Phoenix Suns Draft 2012: It's A Buyers Market, And The Suns Should Take Advantage

It's going to take investment to get this team back to the top, Robert. Cut the check!

Lon Babby has recently said that the Suns must start to build through the draft. And with half the teams in the first round willing to trade their picks -- and some of those willing to sell them outright -- the Phoenix Suns HAVE to take the bull by the horns and buy a second draft pick.

The Suns need to get younger. The more youth they add, the better.

Trading up from 13 might not be in the cards. To move up takes more than money. The Suns don't have player assets that other teams really want right now, or that the Suns are willing to part with. And the Suns can't take on money until a week AFTER the draft.

But the Suns do have $3 million in cash burning a hole in their pocket. Each team can include up to $3 million in cash this summer in trades (total, not per transaction).

They need to use that $3 million to buy another draft pick. Why settle for Waiters (or Rivers) if you could have Waiters AND Perry Jones? Or Rivers AND John Henson? Or Jeremy Lamb AND Quincy Miller/Arnett Moultrie/Fab Melo,etc?

Let me explain how far $3 million in cash can take the Suns this June.

See this comment by cap guru Larry Coon yesterday in a chat:

"The only things that count against team salary are player salaries (and cap holds, which are there to reserve space for anticipated future player salaries). A trade of cash for a draft pick is a $0 for $0 transaction from a salary cap perspective.

I can easily see teams selling lower picks this year, but there are some competing issues. On one hand, with the looming increases in luxury tax penalties, teams might not want to commit guaranteed money to questionable players. This will encourage teams to sell picks, but maybe discourage teams from buying them. The other factor is that the cash-in-trade limit is now $3 million per year, rather than $3 million per trade. Combine all these factors, and I think we will continue to see draft picks being sold, but the prices will be lower."

Usually, teams use cash to make a trade work under the salary cap. Well, that's only necessary when both teams are over the cap. The Suns, as of July 1, are way under. So cash is immaterial. That makes the $3 million completely available for the purchase of draft picks.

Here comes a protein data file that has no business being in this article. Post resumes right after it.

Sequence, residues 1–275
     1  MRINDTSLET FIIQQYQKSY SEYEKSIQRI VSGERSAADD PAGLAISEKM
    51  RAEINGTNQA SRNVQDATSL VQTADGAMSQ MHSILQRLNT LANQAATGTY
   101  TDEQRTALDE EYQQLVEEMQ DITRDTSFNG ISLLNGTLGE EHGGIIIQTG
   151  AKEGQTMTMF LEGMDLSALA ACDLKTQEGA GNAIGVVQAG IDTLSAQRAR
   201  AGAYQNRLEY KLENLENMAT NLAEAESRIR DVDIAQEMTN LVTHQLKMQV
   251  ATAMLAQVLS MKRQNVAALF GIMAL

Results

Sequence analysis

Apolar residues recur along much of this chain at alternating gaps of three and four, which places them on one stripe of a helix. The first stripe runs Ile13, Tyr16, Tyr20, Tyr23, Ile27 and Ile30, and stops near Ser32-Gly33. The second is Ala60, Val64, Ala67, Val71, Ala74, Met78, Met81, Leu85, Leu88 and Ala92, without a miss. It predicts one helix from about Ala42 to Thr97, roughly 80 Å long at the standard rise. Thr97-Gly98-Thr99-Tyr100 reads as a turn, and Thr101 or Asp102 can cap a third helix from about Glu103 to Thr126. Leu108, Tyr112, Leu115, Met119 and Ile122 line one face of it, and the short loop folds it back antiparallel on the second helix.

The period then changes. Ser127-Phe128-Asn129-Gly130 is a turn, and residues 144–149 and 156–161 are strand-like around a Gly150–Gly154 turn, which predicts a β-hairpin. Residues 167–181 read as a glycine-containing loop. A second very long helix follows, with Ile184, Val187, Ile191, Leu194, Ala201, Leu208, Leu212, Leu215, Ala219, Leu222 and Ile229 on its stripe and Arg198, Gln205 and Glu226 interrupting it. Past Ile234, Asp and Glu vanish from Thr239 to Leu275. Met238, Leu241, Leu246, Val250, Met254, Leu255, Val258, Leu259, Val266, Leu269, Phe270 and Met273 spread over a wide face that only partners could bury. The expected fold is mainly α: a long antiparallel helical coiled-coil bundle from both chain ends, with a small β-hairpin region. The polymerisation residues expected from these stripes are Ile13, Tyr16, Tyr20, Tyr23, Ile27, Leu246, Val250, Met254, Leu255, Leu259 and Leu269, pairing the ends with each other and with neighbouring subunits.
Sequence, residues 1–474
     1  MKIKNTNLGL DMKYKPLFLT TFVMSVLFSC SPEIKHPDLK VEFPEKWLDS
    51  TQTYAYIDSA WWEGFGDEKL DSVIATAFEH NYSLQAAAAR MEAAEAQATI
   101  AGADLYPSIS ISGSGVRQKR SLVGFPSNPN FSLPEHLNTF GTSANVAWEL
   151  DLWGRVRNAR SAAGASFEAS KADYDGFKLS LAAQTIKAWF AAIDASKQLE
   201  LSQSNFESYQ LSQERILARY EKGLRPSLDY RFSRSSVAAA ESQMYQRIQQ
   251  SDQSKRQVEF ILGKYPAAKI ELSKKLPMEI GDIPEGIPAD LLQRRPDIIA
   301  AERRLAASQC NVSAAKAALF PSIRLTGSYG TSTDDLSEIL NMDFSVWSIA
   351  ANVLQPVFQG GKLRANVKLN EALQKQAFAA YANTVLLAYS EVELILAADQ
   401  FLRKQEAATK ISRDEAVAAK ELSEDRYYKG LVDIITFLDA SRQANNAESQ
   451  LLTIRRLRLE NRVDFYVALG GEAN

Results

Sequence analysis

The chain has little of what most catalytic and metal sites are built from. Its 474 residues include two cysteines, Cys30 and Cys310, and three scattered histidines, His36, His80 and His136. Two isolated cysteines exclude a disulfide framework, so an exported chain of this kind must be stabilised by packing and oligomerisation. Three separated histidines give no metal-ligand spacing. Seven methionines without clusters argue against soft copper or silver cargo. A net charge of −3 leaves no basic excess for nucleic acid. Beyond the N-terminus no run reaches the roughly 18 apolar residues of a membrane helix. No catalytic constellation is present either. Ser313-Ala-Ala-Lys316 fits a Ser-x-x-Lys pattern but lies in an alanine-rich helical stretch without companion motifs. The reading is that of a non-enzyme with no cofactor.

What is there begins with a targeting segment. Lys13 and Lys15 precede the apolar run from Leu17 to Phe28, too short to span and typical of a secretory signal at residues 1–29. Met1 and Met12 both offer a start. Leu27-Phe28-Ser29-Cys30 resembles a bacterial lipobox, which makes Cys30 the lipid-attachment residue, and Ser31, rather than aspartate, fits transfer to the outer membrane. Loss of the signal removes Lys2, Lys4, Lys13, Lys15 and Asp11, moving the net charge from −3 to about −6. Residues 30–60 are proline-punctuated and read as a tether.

Well, who's selling? Just about half the league at this point.

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Hoopsworld-rumors2_medium

Note Larry's comment again:

I can easily see teams selling lower picks this year, but there are some competing issues. On one hand, with the looming increases in luxury tax penalties, teams might not want to commit guaranteed money to questionable players. This will encourage teams to sell picks, but maybe discourage teams from buying them.

With a roster full of middle-talented, middle-aged players, the Suns WANT youth on long contracts. That makes them a buyer.

The other factor is that the cash-in-trade limit is now $3 million per year, rather than $3 million per trade. Combine all these factors, and I think we will continue to see draft picks being sold, but the prices will be lower.

Sounds to me like the Suns can easily outbid their competition, if it comes down to cash.

In the past, when teams could include $3 million per transaction, the Suns sold their mid-20s picks for $3 million each, back when Sarver wanted to spend that money on salary and lux tax.

This time, the tables can be turned.

And this draft is deep. There are few all-stars, but the depth of real NBA players is there. Talent in the early 20s is comparable to last year's teens and even this year's teens. Talent in the late teens is comparable to the 8th pick onward. There is talent to be had.

And the Suns NEED to take advantage. If the Suns don't come out of this draft with 2 new talents with upside for the price of a few greenbacks, then they will regret it.

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